by Michael Ragland, The Gainesville Times

15 Sep 2006, p. A4

“I recently learned from the Prince William Conservation.Alliance [that] the Board of County Supervisors, within the two months between May 16 and July 17, approved last-minute requests for deferrals submitted by the applicant for [the] Brentswood proposal, Vulcan Quarry and Davis Ford Middle School.

“The Brentswood proposal, led by Compton and Duling, is for 6,800 homes between Linton Hall Road and the Nissan Pavilion.

“The Vulcan quarry is in the Rural Crescent.

“According to the Prince William Conservation Alliance, these proposals have elicited significant community opposition, recommendations of denial from the Planning Commission, and were deferred by the Board of County Supervisors at the last-minute request of the applicants and without a public vote.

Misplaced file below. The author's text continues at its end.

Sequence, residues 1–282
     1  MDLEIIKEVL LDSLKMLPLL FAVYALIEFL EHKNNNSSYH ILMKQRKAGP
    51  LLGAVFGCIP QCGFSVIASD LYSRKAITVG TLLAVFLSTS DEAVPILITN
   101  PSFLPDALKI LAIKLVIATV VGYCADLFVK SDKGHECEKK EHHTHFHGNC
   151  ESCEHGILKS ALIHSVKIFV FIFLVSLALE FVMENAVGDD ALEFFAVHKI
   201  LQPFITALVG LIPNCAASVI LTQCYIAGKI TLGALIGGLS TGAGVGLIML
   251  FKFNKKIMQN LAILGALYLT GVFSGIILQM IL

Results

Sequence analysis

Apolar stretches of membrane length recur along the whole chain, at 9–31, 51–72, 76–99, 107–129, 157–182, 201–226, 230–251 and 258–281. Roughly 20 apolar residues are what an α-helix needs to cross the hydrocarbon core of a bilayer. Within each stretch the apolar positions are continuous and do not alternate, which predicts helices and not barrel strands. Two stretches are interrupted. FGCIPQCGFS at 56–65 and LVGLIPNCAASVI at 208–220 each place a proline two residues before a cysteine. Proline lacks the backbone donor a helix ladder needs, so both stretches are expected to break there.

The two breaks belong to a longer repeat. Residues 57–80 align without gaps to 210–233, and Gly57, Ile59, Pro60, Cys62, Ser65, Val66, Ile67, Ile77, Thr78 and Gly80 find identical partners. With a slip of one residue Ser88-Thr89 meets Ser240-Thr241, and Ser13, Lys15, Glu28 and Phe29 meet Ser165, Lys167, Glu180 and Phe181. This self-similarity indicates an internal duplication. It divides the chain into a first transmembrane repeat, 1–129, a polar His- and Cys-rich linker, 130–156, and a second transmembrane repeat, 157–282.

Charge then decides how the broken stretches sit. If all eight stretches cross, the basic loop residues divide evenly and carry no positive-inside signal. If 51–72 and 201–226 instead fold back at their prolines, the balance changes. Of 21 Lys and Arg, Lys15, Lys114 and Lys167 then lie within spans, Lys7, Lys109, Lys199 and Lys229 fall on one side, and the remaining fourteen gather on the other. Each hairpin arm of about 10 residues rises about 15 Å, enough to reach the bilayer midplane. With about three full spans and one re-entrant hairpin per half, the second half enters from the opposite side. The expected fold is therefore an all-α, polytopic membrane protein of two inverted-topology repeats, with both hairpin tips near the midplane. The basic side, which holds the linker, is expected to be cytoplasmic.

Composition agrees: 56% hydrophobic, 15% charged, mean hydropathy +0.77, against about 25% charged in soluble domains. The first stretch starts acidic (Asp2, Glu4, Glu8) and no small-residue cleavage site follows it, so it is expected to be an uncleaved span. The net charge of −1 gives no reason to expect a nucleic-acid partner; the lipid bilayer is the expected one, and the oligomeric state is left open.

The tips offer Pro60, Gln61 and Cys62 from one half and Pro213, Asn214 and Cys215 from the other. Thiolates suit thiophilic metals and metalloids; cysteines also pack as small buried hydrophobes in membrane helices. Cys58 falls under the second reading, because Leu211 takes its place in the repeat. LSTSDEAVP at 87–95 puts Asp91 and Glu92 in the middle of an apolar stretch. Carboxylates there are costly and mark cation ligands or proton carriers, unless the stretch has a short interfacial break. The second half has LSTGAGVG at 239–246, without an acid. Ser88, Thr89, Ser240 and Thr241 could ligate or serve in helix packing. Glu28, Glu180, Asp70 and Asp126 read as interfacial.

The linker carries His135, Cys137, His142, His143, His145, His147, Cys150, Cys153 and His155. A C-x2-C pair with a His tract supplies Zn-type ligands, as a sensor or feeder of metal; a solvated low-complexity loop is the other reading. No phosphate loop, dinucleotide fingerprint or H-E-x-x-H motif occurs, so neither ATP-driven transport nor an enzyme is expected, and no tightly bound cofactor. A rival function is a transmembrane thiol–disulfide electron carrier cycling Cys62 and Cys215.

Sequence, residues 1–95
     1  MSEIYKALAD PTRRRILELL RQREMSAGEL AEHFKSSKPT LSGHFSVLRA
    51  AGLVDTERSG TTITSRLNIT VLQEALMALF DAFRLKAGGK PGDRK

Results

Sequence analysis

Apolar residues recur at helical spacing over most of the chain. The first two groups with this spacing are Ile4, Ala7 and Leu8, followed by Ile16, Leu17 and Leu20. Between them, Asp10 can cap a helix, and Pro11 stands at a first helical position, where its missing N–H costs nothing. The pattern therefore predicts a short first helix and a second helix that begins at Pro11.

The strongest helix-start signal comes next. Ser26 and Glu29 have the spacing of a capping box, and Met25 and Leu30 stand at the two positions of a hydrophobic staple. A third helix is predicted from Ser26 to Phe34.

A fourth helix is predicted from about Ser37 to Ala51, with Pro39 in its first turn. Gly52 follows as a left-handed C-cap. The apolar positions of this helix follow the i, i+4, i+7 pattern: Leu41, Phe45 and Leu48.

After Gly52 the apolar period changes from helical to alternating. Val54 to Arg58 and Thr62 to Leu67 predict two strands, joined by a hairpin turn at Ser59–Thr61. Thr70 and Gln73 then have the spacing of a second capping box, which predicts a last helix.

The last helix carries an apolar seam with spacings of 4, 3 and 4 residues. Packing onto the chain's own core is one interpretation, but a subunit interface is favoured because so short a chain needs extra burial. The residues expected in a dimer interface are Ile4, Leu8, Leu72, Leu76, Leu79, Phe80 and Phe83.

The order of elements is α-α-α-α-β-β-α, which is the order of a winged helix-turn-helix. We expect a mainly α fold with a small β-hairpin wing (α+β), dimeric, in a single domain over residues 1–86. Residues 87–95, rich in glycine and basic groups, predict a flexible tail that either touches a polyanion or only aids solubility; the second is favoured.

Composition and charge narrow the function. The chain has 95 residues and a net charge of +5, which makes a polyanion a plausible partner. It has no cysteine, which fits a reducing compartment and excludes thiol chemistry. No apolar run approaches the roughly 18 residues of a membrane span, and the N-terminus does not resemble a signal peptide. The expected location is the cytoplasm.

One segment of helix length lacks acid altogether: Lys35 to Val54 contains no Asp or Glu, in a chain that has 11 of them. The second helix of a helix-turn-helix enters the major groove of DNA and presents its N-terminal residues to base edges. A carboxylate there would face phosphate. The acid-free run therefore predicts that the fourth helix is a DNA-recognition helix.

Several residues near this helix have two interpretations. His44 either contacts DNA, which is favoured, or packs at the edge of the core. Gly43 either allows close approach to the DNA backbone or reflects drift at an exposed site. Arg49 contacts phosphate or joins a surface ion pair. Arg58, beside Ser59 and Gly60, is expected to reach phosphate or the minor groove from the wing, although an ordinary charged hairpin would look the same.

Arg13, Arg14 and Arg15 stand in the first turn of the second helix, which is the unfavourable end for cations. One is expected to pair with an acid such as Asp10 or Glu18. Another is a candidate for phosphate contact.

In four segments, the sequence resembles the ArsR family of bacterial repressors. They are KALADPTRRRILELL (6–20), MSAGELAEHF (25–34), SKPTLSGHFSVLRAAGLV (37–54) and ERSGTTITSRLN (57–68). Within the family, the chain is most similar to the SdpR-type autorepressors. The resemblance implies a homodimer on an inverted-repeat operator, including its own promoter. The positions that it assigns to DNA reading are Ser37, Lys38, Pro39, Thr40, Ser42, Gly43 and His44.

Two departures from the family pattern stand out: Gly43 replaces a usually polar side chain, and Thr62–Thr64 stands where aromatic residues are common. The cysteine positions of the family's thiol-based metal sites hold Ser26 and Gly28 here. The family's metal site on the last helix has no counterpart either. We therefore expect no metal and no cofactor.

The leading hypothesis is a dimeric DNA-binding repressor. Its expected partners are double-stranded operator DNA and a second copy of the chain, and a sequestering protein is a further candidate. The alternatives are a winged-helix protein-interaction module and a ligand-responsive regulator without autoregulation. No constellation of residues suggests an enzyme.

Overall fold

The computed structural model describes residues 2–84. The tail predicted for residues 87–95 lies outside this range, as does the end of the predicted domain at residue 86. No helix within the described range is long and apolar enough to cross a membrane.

“In addition, proposals for Brentswood and the Davis Ford Road school were deferred after the public hearing was advertised. Brentswood was deferred only hours before the advertised public hearing was scheduled to open and the school proposal was deferred one day before the advertised public hearing.

“As the Prince William Conservation Alliance states, ‘As a result, there has been considerable confusion regarding the public hearing process, citizen participation in development proposals and the transparency of government processes.’

“It’s politics as usual. The typical supervisor is beholden more to developers than to his or her actual constituents. There is no recourse to this unethical behavior of the Board of County Supervisors.

“No matter what development proposals are rejected by the Planning Commission, what proposals are deferred at the last minute without a public hearing, etc., they’ll always find a way to appease the developer.

“With the developmental proposals deferred, the developer gets time to make changes or think through plans so that when he resubmits there is greater chance of the proposal being passed by the Board of County Supervisors.

“In addition, it prevents the Board of County Supervisors from looking as bad to the electorate …”